Why should I vote?

According to statistics, just over a third of the electorate voted in 3rd May’s 2012 local election. This number increased to 66% in the 2015 general election (the highest voter turn out in 18 years),  65% voted in 2010 general election and 59% in 2001 general election (The Telegraph, 2015).  These statistics suggest that voting is complex and multi-faceted. Some individuals enjoy the freedoms that form part of living in a ‘fair’ and ‘free’ society, however, when it comes to exercising voting rights, some individuals often become apathetic.

Who am I voting for?

The UK voting system is called First Past the Post and currently, elections happen every five years. The person with the most votes in the constituency wins and the party with the most seats has the majority and then forms the government.  You are not voting for a party leader, you are voting at the local level (unless your MP happens to be a party leader). Prime Ministers can call snap general elections and this is what happened in 2017. There are 650 constituencies in the UK and each area has its own representative or MP. When you vote you are voting who you want to represent your area in Westminister, who will understand your local needs and fight for them on the national stage.

Reasons why people don’t vote.

Here are some people’s excuses for not engaging in the political system:

  • “Voting won’t make any difference – what I think doesn’t matter.”

This is a popular reason for people not engaging with the political system. However, during the London 2012 mayoral elections, the votes ran very closely between the two main candidates. The number of votes which declared Boris Johnson the mayor was extremely marginal a mere 3%. This shows that individual votes do count.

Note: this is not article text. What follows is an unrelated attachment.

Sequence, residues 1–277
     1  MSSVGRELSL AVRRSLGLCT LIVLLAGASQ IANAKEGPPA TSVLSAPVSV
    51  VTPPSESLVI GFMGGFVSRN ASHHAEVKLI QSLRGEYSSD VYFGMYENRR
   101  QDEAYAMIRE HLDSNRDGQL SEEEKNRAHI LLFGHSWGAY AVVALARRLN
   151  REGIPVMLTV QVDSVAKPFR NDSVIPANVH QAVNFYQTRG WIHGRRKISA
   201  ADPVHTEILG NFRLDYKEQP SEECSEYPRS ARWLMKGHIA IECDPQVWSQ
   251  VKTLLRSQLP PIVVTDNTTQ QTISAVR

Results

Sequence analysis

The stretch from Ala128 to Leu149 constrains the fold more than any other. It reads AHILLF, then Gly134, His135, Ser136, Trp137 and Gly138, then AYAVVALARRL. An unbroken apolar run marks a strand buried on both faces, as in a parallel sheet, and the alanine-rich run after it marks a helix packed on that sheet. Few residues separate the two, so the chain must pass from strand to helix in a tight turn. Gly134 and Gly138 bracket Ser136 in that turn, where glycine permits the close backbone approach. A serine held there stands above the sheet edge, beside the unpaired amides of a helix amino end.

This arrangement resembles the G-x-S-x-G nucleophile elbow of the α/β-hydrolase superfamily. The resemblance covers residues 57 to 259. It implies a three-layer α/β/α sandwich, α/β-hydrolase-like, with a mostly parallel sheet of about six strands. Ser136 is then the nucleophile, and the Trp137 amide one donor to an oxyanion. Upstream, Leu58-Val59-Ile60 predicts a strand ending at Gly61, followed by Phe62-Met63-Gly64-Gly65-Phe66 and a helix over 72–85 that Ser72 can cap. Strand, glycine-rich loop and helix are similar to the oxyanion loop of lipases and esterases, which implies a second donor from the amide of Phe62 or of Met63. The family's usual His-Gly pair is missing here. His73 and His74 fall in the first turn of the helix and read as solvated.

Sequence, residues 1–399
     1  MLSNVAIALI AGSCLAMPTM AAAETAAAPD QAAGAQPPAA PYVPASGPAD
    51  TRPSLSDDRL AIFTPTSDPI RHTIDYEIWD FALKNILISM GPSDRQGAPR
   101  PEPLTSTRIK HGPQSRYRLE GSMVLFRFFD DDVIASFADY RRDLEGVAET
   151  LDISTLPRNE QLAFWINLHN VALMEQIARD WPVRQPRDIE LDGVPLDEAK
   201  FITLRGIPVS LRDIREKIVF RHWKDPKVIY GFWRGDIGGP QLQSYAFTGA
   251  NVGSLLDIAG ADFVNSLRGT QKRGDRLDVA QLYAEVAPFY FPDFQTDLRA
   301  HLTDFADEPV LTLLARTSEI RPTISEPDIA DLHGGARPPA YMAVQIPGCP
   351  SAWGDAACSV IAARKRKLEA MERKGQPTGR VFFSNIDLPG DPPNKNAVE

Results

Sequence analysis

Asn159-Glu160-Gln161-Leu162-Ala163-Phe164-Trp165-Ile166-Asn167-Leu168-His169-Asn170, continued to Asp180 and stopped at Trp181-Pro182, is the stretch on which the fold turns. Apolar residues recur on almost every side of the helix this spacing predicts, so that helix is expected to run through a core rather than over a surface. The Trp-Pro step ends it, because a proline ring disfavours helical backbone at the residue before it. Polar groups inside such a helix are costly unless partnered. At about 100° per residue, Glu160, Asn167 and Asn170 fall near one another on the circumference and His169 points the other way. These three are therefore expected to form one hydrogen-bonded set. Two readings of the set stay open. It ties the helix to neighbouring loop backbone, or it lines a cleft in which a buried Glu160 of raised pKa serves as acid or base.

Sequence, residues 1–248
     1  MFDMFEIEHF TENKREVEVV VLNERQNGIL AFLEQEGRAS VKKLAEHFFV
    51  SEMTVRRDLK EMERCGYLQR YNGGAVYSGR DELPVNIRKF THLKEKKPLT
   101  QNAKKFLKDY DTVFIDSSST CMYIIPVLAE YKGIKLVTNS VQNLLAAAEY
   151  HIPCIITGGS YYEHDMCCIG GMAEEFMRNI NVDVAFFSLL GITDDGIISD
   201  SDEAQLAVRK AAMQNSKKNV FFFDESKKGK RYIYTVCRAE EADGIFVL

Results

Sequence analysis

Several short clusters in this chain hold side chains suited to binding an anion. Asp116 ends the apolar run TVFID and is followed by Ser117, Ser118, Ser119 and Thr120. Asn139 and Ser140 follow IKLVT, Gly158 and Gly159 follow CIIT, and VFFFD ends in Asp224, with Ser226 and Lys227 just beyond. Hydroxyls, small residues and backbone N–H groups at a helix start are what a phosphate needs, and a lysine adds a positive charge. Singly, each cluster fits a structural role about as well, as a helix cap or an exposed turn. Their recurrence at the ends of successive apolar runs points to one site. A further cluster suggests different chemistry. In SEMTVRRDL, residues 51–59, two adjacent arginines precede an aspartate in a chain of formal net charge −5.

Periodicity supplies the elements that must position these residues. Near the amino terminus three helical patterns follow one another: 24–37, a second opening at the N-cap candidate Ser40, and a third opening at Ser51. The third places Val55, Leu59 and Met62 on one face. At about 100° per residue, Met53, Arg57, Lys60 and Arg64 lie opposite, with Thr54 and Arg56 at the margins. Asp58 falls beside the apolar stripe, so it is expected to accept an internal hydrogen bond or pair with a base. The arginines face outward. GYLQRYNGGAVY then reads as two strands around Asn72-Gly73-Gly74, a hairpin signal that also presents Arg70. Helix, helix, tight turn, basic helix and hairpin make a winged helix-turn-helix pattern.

• “There’s no choice between the main political parties, they are all the same.”

There are differences in policies election promises. Do your research, find out what separates them? Vote for other parties if your beliefs do not align with the main ones, it’s your responsibility to. Also if the main parties are not giving you what you want, get involved in trying to change something that really matters to you by becoming part of a local politics or community initiatives.


  • “I don’t really care.”

Some people don’t care. They don’t care about how much tax they have to pay, they don’t care how many people are unemployed, they don’t care if they can go to university without getting a loan and they don’t care how often their local streets are cleaned. So if this is the actual case, never vote; but in the same vein, never complain about any of the things that are listed above.

  • “I’m too busy.”

Some people are busy. However, the act of voting takes very little time, polling stations are conveniently placed in areas where people can access them easily. Many polling stations are located very close to homes in local schools, community centres or churches The act itself takes less than five minutes from start to finish.

  • “The voting system is unfair.”

I won’t go into much detail but some people believe that the “first past the post” voting system which is used in UK general and local elections isn’t representative enough. The Liberal Democrats election promise of 2010 was to do away with exactly this, and a referendum was called on the voting system. The results were that most people wanted to stay with the current voting system and not the alternative voting system, or proportional representation.

Voting is a duty which should be carried out by everyone who can. People are dying for their right to vote as we speak. Therefore, I see no point in wasting it, use it as best as you can.